The centre of the Woodchester mosaic (damaged over the last 300 years by gravediggers and antiquaries)* is likely to have featured a small fountain fed by water from local springs. This was likely placed within a central octagon with a star radiating out from the fountain, surrounded by fishes. Next out is a circle of birds including pheasants, peacocks and doves, also incorporating Orpheus, his lyre and his hunting dog. Around it is a band of laurel leaves circled by a guilloche or plait. Then comes the animal circle, combining those then common in Britain – bear, stag, horse and boar – with exotic ones only seen in the amphitheatre – leopard, elephant, tiger and lion. There is also a mythological beast, a gryphon.

In the outermost group, towards the edge of the mosaic, we find the face of Neptune god of the sea. Flowing from him on either side in a complete circle is a beautiful acanthus roll which symbolises the restless movement of the waves. The whole circle is squared by four pairs of water nymphs, placed in the spandrels. A blue background represents their watery environment, also emphasised by water weeds.

This water theme is the imagery that draws me most. I link it to Orpheus’ role as the non-warrior Argonaut, whose job it was to work with the seas, negotiating passage with them.  For “the Argo was the first craft built to sail the deep, untraveled sea” (3) instead of hugging the coast and going from port to port. “Nothing like her had been seen or imagined before. Her hull timbers came from oaks and pines that Orpheus had charmed from the woods; they carried his liberating life in them and she leapt in the sea, like a deer”.  The deep sea was as new to him as to everyone else, a vastness that boiled and foamed, white on blue, like a whirlpool, the ‘end of the earth, the beginning of all’, an abyssos much like chaos before creation came.  In the Hymns conventionally attributed to Orpheus, the depths of the ocean “‘glossy’ and ‘black’ like Night herself, writhed with potential and with new forms swimming into life”. Roped fast in the pitching, heaving bow, Orpheus would fling out his hymns to the mounting walls of the waves. “Note by note he would urge them lower, resist them, coax them, until his music streamed down in foam and they deflated, slowly, to a cradling quiet. His spirit lay on the sea then, pressing it level like a band of light.”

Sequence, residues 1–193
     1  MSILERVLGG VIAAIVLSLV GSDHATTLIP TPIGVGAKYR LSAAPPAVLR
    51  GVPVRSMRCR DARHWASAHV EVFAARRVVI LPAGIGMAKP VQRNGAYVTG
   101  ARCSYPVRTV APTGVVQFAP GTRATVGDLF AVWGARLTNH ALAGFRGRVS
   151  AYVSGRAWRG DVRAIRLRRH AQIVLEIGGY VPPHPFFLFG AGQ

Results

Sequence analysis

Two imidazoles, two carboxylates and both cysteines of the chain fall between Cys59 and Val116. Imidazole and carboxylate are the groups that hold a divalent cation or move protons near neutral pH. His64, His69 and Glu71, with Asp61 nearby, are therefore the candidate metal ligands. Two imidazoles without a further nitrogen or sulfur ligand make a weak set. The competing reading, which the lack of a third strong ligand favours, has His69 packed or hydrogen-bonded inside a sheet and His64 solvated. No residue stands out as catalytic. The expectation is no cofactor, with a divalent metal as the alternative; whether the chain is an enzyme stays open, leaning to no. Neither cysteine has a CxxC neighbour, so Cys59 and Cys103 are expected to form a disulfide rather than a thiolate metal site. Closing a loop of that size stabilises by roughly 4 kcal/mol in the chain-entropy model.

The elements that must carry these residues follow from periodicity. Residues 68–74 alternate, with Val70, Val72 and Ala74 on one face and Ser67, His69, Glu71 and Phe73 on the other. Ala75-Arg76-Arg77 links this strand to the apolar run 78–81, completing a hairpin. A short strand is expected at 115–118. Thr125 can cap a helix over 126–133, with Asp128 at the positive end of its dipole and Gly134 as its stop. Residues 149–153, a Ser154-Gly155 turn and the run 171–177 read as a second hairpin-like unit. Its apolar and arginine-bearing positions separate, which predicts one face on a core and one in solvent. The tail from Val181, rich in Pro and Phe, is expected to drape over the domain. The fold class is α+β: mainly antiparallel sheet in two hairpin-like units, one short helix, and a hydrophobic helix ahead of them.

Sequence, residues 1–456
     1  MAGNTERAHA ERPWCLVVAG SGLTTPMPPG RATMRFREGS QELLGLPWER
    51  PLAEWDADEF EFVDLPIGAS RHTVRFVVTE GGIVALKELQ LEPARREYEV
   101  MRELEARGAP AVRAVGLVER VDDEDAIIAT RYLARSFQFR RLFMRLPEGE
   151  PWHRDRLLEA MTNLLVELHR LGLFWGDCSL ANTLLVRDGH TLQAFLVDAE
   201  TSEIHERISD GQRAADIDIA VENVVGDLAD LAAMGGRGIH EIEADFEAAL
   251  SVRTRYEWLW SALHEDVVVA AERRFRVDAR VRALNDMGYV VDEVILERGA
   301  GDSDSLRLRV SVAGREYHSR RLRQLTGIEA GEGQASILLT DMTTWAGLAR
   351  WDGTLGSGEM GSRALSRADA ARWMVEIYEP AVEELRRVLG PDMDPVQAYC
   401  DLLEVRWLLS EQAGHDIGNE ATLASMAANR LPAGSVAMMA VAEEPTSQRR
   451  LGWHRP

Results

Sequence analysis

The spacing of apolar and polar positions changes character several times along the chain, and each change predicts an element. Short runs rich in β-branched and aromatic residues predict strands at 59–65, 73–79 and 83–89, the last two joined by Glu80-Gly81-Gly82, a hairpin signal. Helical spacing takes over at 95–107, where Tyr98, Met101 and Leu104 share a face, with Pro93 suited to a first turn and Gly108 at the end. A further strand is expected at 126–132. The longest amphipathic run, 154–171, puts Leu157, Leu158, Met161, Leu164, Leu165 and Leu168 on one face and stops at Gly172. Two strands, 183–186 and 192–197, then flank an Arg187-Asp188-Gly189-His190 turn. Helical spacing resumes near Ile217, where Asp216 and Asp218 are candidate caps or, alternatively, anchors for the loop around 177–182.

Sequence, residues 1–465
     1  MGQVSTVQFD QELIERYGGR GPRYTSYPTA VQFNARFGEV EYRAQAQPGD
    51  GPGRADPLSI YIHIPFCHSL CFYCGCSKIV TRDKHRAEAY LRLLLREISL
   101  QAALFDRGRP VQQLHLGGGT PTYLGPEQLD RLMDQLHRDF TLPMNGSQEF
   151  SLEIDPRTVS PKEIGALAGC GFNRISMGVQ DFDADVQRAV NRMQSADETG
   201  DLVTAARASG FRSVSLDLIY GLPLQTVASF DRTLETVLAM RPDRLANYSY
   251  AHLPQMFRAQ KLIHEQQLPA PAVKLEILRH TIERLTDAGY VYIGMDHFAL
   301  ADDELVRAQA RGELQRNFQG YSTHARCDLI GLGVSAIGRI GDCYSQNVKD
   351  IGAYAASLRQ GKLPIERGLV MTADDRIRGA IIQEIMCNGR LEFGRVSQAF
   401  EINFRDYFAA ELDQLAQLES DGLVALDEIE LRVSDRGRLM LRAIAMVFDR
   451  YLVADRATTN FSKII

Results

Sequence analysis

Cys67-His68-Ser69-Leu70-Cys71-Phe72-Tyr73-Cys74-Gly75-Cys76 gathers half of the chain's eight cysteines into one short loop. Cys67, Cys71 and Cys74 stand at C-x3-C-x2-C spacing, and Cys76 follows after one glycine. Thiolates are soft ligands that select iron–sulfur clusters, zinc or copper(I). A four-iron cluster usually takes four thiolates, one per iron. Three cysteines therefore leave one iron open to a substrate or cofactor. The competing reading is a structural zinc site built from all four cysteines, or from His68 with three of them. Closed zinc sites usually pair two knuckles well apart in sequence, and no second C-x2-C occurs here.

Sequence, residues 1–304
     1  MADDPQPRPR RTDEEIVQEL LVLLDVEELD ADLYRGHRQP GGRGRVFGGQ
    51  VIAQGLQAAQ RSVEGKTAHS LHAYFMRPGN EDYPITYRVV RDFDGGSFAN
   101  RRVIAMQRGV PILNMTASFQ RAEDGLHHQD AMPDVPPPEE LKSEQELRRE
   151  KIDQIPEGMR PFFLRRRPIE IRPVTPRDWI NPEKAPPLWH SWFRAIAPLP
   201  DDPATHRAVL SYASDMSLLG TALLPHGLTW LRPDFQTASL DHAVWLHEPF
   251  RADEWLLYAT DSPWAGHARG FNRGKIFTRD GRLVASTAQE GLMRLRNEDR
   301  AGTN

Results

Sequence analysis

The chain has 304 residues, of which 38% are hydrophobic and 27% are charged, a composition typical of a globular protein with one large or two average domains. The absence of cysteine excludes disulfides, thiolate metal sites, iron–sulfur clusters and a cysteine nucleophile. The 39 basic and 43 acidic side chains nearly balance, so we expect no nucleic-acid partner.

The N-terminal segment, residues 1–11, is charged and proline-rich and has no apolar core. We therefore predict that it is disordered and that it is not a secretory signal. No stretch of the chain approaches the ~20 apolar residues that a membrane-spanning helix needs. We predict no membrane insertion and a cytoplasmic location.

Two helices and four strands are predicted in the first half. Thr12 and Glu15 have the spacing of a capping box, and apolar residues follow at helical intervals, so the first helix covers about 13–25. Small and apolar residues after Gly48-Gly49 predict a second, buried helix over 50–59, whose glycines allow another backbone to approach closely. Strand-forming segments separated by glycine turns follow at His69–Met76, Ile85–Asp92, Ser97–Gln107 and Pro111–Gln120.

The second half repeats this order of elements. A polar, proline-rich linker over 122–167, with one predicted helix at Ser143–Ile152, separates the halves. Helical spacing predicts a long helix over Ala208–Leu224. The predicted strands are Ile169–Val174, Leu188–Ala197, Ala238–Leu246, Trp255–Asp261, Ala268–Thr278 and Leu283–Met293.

I don’t know this aspect of the story particularly well. I grew up with Jason and the Argonauts. I’ve known a certain amount about Orpheus, especially the story of Orpheus and Eurydice. But not this. Certainly this is what took me to Woodchester today. To stand close to a resonant piece of ancestral craftsmanship, local in place and time yet also universal and timeless in reference, there in its original location, which I experience as an odd and slightly otherworldly place on any terms.  And I think about what Joseph Campbell, also with Orpheus in mind, says in his Creative Mythology, where the role of creative mythology is to renew “the act of experience itself … restoring to existence the quality of adventure, at once shattering and reintegrating the fixed, already known … as it is in depth, in process, here and now, inside and out”. (4)

  1. Cull, Reverend John (2000) Woodchester: its villa and mosaic Andover, Hampshire, UK: Pitkin Unichrome (Pitkin Guides)
  2. White, Roger (2007) Britannia Prima: Britain’s last Roman province Stroud, Gloucestershire, UK: Tempus Publishing
  3. Roe, Ann (2011) Orpheus the song of life London: Jonathan Cape
  4. Campbell, Joseph (1968) The masks of God: creative mythology Harmondsworth, Middlesex: Penguin

*The mosaic hasn’t done well out of its 12 exposures in the last 300 years or so and was reburied in 1973 for an indefinite period. A replica exists, though no longer for public display, and the mosaic has been very well drawn and photographed.